“I wanted to let you guys know that’s why I’ve been looking frustrated every game,’’ said Petteway on Friday.

Miles also showed support to Petteway, and his mother, at the press conference. The team plans to get Petteway home as soon as possible but he also feels like he needs to be with the team and not let them down as well.

“People don’t always understand what young people go through. But what Terran doesn’t understand is the Husker Nation support and his team’s support. When people know he is worried about his mother, they will embrace that,’’ Miles said.

Petteway has averaged 18.9 points per game this season, good for third in the Big Ten, but the Huskers have struggled to a 13-11 start and 5-7 record in conference play. Maybe now if Petteway is more relaxed with this news off of his chest, he can feel like he can play with more freedom.

CBT wishes Joetta Petteway and the Petteway family the best going forward in her recovery.

No. 21 Nebraska wins comfortably, but offensive improvements can make this team even tougher to defend

Terran Petteway, Nigel Hayes
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Terran Petteway’s first season on the court for Nebraska was a successful one, as he averaged 18.1 points and 4.8 rebounds per game last season and earned first team All-Big Ten honors. However there’s always room for improvement, and for a player who shot 42.6% from the field and 32.7% from three the percentages are what the All-America candidate is looking to boost in 2014-15.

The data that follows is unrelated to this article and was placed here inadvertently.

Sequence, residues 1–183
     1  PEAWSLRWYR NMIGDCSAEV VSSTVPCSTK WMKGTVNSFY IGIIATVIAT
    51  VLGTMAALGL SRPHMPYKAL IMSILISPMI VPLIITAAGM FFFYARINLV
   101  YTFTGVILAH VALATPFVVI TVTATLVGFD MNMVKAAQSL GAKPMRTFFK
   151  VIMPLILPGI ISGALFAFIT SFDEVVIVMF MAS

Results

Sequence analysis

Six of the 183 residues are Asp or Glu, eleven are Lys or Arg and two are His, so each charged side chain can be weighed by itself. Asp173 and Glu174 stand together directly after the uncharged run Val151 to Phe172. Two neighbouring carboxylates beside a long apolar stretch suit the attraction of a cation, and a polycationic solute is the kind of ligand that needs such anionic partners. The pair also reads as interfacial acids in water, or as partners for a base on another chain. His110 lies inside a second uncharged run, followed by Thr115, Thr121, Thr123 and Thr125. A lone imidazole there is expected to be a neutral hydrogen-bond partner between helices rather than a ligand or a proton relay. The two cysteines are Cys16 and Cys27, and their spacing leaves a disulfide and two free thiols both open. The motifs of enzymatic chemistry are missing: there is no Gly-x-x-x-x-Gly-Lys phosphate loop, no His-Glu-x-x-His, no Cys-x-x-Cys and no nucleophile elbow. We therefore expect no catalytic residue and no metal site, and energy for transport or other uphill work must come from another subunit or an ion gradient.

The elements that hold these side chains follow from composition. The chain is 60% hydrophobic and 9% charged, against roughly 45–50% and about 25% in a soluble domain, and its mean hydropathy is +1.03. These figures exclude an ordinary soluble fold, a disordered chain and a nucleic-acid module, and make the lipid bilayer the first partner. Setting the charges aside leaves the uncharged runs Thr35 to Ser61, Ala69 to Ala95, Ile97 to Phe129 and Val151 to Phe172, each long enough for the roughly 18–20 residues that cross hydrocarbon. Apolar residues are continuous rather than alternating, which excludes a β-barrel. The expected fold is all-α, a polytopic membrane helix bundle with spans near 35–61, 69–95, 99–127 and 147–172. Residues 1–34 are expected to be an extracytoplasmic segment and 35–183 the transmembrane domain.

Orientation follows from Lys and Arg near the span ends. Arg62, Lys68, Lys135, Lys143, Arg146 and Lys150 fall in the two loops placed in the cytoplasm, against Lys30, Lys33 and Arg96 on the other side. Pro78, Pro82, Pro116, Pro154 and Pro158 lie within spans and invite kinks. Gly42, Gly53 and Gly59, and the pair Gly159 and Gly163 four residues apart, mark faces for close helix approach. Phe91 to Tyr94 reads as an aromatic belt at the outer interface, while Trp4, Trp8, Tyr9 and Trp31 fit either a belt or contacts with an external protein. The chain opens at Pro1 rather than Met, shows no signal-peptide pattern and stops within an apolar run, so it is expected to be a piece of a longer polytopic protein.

Petteway was productive in No. 21 Nebraska’s 80-61 win over Northern Kentucky Sunday afternoon, scoring 25 points and grabbing six rebounds. Petteway shot 7-for-15 from the field, making six of his nine attempts from beyond the arc, in leading the way for an offensive attack that finished the game with three starters in double figures.

Shavon Shields added 18 points and David Rivers 12, with the latter making all five of his field goal attempts while also grabbing six rebounds. As a team Nebraska shot 47.9% from the field, but the 8-for-22 afternoon from deep is something they’ll need to improve upon especially when considering what those numbers look like without Petteway’s performance. The other Huskers combined to shoot 2-for-13 from beyond the arc, and that is one of two areas where Nebraska will look to improve moving forward.

Nebraska finished the game with just ten assists, breaking even in assist-to-turnover ratio, with Shields and reserve guard Benny Parker being the only players to dish out multiple assists (two apiece). Last season just 42.3% of Nebraska’s made field goals were assisted, one reason why they were ranked in the bottom half of the Big Ten from an efficiency standpoint.

Distribution will be key for players such as Parker, sophomore Tai Webster and freshman Tarin Smith as Nebraska takes on tougher competition heading into Big Ten play. Improvement in that area will make things easier for Nebraska’s primary scoring options, with players such as Petteway becoming even tougher to defend as a result.